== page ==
Disadvantage | University of Oxford

Disadvantage

This page focuses on the backgrounds of UK-domiciled students who apply to Oxford, are made offers, and are admitted. The figures relate to differing levels of socio-economic advantage and progression to higher education across the UK, and are derived from the ACORN and POLAR demographic systems.

ACORN is a postcode-based tool that categorises the UK’s population by level of socio-economic advantage. POLAR is a similar tool that measures how likely young people are to participate in higher education based on where they live. The ACORN and POLAR systems are widely recognised measures used by the regulator to set admissions targets for universities including Oxford.

These systems are explained in more detail in Undergraduate Admissions Statistics - Notes and definitions

University-level data

The tables below show the number of applications, offers and students admitted from the two most socio-economically disadvantaged groups (ACORN categories 4 and 5) and the two groups of young people least likely to progress to higher education (POLAR quintiles 1 and 2).

  • In 2017, 10.6% of UK students admitted to Oxford came from the two most socio-economically disadvantaged groups (ACORN categories 4 and 56). This is an increase of almost four percentage points from 2013.

Socio-economic disadvantage: UK applications to Oxford, offers made and students admitted from ACORN categories 4 and 56, 2013–2017

 ApplicationsOffersStudents admittedACORN 4 and 5 Proportion of total UK students admitted7
20171,66034926910.6%
20161,3512722168.2%
20151,3512522218.6%
20141,2862882419.3%
20131,0702041796.8%
  • In 2017, 12.9% of UK students admitted to Oxford were from the two groups with lowest progression to higher education (POLAR quintiles 1 and 2). This is an increase of more than three percentage points from 2013.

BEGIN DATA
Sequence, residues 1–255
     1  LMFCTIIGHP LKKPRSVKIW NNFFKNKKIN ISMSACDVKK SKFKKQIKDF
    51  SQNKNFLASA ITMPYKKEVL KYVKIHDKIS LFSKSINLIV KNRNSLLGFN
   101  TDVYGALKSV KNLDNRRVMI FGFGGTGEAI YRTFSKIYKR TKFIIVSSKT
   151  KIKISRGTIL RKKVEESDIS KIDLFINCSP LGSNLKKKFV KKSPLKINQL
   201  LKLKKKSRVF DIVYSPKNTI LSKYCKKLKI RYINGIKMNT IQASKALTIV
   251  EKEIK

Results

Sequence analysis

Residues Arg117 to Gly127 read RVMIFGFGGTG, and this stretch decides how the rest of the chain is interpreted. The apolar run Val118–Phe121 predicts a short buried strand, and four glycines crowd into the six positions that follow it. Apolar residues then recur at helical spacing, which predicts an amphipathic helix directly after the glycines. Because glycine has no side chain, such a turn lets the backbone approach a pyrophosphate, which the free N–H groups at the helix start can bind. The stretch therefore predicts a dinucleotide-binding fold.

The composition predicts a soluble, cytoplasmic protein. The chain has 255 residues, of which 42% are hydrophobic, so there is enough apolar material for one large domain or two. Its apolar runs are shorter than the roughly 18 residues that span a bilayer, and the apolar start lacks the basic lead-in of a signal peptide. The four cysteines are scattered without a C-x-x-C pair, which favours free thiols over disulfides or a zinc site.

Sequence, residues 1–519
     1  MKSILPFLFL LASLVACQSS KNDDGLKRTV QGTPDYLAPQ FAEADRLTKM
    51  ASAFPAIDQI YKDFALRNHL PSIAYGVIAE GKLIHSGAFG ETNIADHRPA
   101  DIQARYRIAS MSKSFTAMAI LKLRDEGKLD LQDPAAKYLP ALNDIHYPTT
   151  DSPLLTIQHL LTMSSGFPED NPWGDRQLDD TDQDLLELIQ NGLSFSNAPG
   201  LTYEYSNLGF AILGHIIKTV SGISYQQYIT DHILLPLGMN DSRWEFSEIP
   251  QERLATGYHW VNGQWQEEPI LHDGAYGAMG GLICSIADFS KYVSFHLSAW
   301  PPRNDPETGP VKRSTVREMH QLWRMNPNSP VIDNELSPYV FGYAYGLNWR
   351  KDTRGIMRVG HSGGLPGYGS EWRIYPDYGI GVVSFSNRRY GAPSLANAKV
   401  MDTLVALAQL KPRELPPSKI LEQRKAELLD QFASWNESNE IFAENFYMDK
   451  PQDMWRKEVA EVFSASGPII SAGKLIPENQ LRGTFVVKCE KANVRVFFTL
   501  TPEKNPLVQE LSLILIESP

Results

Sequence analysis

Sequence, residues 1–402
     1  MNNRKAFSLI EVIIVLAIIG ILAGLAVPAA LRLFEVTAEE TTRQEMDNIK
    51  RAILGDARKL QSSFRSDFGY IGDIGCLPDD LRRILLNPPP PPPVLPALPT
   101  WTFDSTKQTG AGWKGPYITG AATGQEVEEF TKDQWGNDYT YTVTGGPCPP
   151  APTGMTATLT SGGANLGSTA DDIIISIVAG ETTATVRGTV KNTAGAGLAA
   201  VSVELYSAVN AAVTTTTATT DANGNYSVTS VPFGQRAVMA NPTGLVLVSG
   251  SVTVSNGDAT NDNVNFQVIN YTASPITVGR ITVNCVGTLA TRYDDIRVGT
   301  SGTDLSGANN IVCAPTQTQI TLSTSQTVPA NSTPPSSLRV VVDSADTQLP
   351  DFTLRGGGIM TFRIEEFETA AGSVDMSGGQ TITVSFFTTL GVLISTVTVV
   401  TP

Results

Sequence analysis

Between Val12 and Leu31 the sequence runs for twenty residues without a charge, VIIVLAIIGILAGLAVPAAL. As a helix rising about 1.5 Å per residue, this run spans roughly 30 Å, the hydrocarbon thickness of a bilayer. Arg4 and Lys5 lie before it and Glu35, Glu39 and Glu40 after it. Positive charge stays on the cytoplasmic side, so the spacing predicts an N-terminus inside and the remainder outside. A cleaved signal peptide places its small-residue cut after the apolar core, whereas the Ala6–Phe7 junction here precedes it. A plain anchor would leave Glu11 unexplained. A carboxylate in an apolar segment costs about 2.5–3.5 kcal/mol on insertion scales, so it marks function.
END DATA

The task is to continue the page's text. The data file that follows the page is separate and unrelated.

Areas of low progression to higher education: UK applications to Oxford, offers made and students admitted from POLAR quintiles 1 and 2, 2013–2017

 ApplicationsOffersStudents admittedPOLAR 1 and 2 Proportion of total UK students admitted7
20171,70240532412.9%
20161,49935229911.4%
20151,45932227910.8%
20141,44631226210.2%
20131,3192742519.5%

5. POLAR classification is periodically reviewed; POLAR3 classification is used throughout the Annual Admissions Statistical Report.
6. This data includes ACORN Category 4 – Financially Stretched (excluding Type 34 – Student flats and halls of residence) and ACORN Category 5 – Urban Adversity.
7. Excluding students whose ACORN/POLAR status is not known.

Context

Breakdown of students who achieve AAA or better at A-level by socio-economic group (all UK universities, 2015 UK intake)*

section 3.1

Oxford University (2017 UK intake)**

section 3.2

*Most recent available national data covers 2015 intake: defined as first-year, first-degree, UK-domiciled undergraduate students, academic year 2015/16. AAA+ pool includes equivalent Scottish qualifications. Excludes those whose ACORN status is not known. Excludes Type 34 from ACORN category 4 – Type 34 appears in ‘other ACORN categories’. See note on HESA data for full citation.

Breakdown of students who achieve AAA or better at A-level, by areas with different likelihood of progression to higher education (all UK universities, 2015 UK intake)*

section 3.3

Oxford University (2017 UK intake)**

section 3.4

*Most recent available national data covers 2015 intake: defined as first-year, first-degree, UK-domiciled undergraduate students, academic year 2015/16. AAA+ pool includes equivalent Scottish qualifications. Excludes those whose ACORN status is not known. Excludes Type 34 from ACORN category 4 – Type 34 appears in ‘other ACORN categories’. See note on HESA data for full citation.

**Excluding students whose ACORN/POLAR status is not known.

For further information on all Oxford's admissions statistics, including by course and by college, please read the Annual Admissions Statistical Report.

You may also be interested to see detailed statistics relating to disadvantage, and information on the household income of applicants

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